The next track “Aerodynamic” serves as the diversion away from the Chicago-house released on the first album. It focuses on glam-rock structure rather than floor-readiness, but also gives testament to how they will try “whatever works” in the hopes of catching lightning. The following “Digital Love” is mushy, clichéd, sickly sweet, but who gives a shit! This is happy music, reminiscent of junior high butterflies and first dances with pleasant tension.

“Around their World” and “Harder, Better, Faster Stronger,” “Digital Love’s,” successor, are Daft Punk’s intricate masterpieces, both succeeding in precision and both showing how hard work can be made beautiful. The following track “Crescendolls” bursts open like a Pandora’s box of pure ecstasy. Included is every sound known to make people happy, including the untouchable lyric, “WOO! HEY! IT’S Y’ALL.” This all comes before the bridge explodes into the greatest…climax…ever. “Nightvision” follows, and because Daft Punk realized there is no proper upbeat song to follow “Crescendolls,” they settled for a lovely cool down that stretches the idea of how earthly electronic music can sound. It startles me how close to perfect the first half of each album reaches.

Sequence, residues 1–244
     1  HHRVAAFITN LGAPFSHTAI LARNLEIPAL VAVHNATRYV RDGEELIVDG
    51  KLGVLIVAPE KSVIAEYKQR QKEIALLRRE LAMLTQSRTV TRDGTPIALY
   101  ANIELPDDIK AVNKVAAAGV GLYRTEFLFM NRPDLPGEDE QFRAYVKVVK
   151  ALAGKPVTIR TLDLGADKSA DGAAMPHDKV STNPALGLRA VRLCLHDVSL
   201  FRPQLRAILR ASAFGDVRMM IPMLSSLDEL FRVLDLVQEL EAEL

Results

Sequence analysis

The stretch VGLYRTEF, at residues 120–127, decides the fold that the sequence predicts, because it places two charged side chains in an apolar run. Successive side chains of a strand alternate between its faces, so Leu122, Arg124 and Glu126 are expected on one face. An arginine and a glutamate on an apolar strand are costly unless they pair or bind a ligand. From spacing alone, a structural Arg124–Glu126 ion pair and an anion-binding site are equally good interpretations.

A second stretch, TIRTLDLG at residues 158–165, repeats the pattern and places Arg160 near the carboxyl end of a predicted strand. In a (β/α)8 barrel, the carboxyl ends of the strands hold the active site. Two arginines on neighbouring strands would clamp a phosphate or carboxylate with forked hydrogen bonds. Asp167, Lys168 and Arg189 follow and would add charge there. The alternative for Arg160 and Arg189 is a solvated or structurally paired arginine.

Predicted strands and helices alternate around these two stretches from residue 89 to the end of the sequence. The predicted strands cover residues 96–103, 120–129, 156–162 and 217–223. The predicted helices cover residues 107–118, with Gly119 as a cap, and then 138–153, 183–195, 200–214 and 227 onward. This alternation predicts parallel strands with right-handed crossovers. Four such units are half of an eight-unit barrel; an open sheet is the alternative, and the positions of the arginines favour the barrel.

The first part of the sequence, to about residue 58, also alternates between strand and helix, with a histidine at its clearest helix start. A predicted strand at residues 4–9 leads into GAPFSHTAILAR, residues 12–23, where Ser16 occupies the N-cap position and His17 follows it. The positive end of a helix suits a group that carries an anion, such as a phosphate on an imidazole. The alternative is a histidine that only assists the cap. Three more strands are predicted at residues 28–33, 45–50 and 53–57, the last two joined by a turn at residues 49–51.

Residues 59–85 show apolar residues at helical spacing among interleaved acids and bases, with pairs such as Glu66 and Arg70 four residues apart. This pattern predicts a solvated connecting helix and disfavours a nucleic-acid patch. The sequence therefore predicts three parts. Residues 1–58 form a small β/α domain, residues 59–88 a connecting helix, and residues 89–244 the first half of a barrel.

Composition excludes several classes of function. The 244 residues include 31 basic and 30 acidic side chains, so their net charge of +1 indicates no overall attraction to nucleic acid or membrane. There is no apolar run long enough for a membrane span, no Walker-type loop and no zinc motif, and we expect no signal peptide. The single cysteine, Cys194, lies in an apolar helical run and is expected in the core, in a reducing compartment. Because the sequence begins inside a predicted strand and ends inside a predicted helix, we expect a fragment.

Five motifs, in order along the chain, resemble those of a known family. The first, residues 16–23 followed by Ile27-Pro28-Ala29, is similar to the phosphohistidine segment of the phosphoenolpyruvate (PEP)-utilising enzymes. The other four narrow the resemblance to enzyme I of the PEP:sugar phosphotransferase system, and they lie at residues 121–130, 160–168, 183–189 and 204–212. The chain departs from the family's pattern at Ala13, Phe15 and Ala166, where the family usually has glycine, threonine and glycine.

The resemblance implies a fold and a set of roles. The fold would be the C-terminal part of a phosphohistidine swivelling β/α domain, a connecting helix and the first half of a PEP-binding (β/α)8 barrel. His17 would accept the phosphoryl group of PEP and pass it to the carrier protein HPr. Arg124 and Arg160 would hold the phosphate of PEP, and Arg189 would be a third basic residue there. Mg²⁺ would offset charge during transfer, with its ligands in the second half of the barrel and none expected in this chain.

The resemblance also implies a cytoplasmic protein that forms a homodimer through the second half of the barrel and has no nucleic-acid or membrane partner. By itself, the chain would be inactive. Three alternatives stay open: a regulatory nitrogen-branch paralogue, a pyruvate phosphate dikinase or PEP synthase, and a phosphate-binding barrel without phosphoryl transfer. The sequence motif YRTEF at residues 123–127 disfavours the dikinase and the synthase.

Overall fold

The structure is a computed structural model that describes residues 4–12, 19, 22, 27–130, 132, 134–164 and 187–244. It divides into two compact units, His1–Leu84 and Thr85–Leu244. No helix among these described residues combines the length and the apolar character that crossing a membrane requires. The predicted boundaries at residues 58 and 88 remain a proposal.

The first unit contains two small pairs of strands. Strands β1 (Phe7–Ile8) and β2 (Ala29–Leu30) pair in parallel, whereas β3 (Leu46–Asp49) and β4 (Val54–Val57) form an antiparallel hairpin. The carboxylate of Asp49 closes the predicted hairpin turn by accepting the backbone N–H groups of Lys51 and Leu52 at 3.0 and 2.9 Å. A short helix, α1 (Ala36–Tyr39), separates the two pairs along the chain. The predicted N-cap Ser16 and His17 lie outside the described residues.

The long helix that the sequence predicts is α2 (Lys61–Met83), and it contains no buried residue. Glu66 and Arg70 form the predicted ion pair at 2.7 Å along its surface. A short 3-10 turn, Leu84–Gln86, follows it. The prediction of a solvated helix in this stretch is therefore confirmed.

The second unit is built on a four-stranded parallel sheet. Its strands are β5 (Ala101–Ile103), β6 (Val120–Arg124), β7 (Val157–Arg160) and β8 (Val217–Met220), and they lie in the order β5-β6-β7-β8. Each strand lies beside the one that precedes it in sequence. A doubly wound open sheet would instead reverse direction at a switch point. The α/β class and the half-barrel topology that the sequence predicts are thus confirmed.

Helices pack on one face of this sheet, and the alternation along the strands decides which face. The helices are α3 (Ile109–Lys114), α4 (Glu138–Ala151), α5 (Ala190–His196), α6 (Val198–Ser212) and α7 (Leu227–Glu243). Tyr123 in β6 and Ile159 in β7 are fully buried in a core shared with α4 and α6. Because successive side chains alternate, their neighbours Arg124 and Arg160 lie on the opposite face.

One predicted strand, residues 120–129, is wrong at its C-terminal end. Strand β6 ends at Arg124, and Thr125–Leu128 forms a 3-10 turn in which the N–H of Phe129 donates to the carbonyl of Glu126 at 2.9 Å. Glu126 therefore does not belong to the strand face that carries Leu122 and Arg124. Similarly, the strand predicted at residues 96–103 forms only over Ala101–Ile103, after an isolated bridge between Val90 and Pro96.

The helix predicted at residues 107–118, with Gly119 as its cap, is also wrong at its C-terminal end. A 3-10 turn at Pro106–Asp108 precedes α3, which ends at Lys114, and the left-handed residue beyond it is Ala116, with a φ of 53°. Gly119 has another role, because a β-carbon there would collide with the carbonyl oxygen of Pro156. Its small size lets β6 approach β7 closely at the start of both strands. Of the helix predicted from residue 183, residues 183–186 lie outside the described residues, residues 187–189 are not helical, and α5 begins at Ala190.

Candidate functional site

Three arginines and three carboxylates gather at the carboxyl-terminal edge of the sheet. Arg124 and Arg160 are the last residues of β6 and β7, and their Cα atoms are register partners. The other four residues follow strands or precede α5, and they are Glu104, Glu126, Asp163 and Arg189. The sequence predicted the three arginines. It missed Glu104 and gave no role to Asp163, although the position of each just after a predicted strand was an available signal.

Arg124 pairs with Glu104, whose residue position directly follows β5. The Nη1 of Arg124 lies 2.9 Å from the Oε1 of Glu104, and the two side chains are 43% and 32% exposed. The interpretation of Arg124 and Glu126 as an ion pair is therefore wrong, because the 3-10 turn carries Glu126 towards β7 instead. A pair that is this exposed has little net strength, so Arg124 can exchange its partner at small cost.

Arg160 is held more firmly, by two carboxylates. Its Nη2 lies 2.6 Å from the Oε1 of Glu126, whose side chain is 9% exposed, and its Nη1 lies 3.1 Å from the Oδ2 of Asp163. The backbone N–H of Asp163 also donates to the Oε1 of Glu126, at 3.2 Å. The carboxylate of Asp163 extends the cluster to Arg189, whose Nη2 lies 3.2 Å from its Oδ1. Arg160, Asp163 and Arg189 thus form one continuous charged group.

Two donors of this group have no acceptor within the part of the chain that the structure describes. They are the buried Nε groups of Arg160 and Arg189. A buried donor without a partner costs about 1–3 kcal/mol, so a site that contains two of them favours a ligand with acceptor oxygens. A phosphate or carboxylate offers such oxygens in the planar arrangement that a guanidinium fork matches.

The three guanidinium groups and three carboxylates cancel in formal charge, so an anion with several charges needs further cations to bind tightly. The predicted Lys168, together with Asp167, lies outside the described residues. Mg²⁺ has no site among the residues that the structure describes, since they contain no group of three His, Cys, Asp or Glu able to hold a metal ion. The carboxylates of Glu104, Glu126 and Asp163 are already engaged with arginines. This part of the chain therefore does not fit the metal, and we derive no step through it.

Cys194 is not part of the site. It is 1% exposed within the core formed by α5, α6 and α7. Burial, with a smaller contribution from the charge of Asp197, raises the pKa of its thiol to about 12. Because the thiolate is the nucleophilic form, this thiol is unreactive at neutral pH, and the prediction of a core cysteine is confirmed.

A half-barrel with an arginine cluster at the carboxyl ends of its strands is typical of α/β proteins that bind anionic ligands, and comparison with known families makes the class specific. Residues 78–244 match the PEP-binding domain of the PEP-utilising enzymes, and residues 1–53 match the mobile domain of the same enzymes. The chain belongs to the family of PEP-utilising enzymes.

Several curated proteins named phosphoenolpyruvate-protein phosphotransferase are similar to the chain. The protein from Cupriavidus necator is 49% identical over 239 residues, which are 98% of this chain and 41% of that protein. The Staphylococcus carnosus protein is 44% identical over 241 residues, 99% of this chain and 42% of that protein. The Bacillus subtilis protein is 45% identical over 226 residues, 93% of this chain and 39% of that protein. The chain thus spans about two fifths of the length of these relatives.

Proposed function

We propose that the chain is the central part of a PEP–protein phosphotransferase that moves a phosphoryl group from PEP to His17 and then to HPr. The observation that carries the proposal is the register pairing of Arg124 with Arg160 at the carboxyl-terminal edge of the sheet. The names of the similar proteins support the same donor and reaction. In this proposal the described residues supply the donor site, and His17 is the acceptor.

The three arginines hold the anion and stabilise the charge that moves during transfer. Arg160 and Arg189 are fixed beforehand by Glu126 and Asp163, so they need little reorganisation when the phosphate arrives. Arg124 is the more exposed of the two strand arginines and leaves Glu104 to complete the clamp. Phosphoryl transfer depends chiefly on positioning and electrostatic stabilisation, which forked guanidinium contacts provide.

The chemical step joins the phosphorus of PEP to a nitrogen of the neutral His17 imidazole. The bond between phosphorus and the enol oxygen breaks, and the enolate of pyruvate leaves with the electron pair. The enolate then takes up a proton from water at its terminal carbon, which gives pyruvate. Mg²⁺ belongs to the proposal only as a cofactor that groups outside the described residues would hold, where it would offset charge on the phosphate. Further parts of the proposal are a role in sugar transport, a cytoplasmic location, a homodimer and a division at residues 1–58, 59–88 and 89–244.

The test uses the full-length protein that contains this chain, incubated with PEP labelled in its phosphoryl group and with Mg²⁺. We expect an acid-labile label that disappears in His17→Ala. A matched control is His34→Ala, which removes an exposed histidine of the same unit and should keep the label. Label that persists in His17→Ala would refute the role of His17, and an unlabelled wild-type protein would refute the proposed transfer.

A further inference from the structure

It is easier to compare Discovery to Sgt. Pepper with regards to intent rather than actual sound (because they sound nothing alike). If Revolver and Homework were each band’s proof of their technological abilities, then Sgt. Pepper and Discovery were the creations of bands with nothing to prove. Indeed, when asked about Discovery by Remix Magazine Online, Thomas Bangalter said, “This album has a lot to do with our childhood…When you’re a child you don’t judge or analyze music. You just like it because you like it.” With that freedom, Bangalter and Guy-Manuel de Homem Christo were able to make an album for the sake of creative freedom.